My two grand sons, six and three years of age, are in giggles. They are floating paper boats in their bed room. They are happy. They wade in water inside the house. The elder one splashes some water on the younger one. He cries. Soon a fight ensues. Both fall down in the water, some 12 inches deep and are drenched. Her mother comes rushing and chides-cajoles them. Clothes are changed. The clock ticks by. An hour later the scene is repeated. The paper boats float, water splash flies and the duel begins ending in drenching. The angry-looking mom laughs in her sleeves. Her utensils too are floating in the mod kitchen. She up-rolls her ‘sari’ and cooks the meal. This has been her routine for the last four days (on June 16, 2008).
    The scene is not peculiar to any one house. This is the life in the gargantuan Kankarbagh, once Asia’s largest ‘well-planned’ housing colony. The deluge has been visiting the area for the last ten years without a break. Even a small rainfall wreaks havoc. Though a few have sold their dwellings to live outside this ‘flood zone’, majority of the residents cling on in the hope of a ‘sunny’ rainy season from the next year. Political rulers of the day promise to free the area from next year. One dream merchant vows to make Patna roads as smooth as the cheeks of Hema Malini while others swear to make it Parish of Bihar. Lofty promises rain in year after year but the dark tunnel appears endless.
    The Srikrishna Nagar residents have no better fortune. In fact, all government-planned colonies in the State capital have identical tales to tell. Rajendra Nagar has been encountering water-logging and inundation for more than two decades. It should sound absurd but it is a hard fact that private colonies rarely face such oddities. Why and how such situations crop up in the colonies planned and developed by government agencies? An answer is not difficult to find out. It lies buried in the probe reports in the government archives. Open loot by powerful contractors and engineers leave little fund for the work to be done properly. The execution remains topsy-turvy. Under-ground drains and sewerage lines are bedevilled by missing links. And, subsequent poor or no upkeep confounds the problems. In the Kankarbagh Colony the B type houses in the west-south of Panchmandir have no drain links to disgorge used domestic water.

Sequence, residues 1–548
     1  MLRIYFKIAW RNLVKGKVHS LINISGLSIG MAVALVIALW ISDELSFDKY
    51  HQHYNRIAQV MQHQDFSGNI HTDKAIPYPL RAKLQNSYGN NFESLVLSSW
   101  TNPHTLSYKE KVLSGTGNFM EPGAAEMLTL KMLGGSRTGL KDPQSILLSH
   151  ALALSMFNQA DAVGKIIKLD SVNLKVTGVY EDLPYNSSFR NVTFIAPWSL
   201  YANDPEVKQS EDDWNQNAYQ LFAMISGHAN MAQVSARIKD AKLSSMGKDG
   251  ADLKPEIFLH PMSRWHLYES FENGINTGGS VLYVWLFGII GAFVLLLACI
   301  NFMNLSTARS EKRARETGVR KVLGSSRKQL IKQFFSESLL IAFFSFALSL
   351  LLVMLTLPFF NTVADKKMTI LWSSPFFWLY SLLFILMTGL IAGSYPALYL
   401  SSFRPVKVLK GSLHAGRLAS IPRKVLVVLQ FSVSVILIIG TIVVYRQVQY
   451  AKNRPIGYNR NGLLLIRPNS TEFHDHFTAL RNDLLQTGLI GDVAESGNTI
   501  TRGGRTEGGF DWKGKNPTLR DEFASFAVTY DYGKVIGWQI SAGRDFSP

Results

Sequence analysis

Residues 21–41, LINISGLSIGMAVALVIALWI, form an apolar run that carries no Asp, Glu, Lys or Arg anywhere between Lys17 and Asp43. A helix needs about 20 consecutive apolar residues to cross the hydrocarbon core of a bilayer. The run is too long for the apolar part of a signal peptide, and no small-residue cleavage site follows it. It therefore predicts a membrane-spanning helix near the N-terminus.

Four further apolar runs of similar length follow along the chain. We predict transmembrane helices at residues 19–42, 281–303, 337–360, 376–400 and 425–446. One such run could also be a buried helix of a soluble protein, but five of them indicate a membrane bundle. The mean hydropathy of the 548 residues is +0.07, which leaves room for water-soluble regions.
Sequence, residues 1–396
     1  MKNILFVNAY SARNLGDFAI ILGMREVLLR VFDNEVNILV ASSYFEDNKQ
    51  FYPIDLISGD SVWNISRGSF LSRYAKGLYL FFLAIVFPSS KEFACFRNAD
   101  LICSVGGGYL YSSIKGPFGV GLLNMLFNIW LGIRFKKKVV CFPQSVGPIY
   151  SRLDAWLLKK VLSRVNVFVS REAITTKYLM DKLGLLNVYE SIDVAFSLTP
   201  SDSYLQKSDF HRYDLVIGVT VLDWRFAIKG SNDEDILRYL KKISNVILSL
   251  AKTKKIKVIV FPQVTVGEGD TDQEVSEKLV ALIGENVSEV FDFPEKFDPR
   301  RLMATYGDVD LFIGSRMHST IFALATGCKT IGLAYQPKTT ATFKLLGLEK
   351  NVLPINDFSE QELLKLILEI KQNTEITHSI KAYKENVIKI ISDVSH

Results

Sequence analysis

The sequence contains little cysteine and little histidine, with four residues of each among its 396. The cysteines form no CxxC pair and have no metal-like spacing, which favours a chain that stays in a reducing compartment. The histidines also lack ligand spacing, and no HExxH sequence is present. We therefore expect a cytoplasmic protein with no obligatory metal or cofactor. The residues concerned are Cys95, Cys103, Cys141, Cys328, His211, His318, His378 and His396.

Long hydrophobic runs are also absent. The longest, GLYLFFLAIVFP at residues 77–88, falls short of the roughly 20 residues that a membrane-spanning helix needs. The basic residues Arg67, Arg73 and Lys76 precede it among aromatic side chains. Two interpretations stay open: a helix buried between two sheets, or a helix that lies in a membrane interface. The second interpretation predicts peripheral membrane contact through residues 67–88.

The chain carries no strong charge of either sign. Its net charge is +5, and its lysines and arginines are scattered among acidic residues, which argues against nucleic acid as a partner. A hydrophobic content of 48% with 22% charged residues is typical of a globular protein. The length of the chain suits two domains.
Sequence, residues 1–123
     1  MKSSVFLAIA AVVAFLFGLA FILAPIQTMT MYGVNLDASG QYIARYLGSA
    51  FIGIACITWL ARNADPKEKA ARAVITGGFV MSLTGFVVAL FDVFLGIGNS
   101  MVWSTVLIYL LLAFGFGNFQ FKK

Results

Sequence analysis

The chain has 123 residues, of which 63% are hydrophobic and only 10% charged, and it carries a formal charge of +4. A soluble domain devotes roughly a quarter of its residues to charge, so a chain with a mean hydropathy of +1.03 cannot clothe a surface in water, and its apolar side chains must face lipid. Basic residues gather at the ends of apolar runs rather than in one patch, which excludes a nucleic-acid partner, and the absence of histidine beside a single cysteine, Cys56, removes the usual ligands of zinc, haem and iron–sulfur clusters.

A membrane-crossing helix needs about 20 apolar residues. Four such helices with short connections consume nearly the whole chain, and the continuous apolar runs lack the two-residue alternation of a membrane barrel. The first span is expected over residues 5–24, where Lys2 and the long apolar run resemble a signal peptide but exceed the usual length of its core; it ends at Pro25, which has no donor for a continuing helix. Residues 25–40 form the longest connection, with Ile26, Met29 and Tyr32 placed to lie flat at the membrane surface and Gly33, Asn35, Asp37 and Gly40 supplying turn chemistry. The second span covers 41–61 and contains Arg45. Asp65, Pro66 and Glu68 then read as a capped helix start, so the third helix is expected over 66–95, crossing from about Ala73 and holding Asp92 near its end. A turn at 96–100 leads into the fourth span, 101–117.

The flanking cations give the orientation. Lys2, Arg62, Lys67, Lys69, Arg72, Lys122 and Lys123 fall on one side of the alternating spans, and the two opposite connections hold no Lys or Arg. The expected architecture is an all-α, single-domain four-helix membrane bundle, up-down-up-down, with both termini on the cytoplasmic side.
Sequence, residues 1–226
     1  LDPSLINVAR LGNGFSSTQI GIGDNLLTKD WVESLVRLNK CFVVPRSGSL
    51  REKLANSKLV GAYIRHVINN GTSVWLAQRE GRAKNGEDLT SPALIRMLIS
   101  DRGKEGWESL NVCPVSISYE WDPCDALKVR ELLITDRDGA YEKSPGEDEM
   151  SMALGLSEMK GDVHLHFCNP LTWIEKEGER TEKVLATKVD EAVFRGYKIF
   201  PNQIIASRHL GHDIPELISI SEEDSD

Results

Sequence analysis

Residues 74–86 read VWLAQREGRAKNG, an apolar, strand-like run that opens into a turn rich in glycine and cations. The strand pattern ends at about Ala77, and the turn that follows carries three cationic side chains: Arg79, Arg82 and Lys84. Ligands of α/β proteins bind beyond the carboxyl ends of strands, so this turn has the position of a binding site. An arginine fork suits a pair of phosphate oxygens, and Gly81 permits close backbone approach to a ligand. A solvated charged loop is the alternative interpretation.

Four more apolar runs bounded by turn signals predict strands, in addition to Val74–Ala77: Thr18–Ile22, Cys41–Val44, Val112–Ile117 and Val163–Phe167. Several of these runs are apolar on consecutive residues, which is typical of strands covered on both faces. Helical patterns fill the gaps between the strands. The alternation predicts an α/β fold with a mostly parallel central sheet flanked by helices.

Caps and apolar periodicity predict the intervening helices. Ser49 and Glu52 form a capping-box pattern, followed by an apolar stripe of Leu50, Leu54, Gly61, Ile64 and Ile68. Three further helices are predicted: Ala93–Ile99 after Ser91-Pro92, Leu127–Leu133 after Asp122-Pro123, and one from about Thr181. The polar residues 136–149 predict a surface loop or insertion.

The reconstruction of roads too has been aggravating the water-logging problem. People were happy when parliamentarian fund bonanza came. Every lane and by-lane got cement concrete roads, thanks to the parliamentarian-legislators’ fund. But, in course of time, this blessing became big curse. These roads were not constructed properly. Rules and norms were observed more in violation. It is provided that before building any road contractors have to dig it up and throw out old materials and then only new road is to be constructed. This norm is never adhered to. As a result, roads became higher than the house-level. Moreover, broken roads used to serve as drains. Now rainwater mingled with drain water inundates dwellings. The water-logging continues till sunrays kiss away or earth soaks the water.
    When Gandhi Setu across the Ganga was built at Patna to link northern and southern parts of the State, it was expected that the inflow of people would rise many a time. The Patna Improvement Trust (precursor of the present Patna Regional Development Authority) churned out a lofty master plan to pre-empt the population explosion. After much hullabaloo, construction of a new Patna Bypass road was taken up only. Others remained in the cold. For years together the New Bypass remained incomplete. This road turned out to be a major catalyst for water-logging in the southern part of the cursed State capital. Over-delayed Patna beautification plan added to the confusion.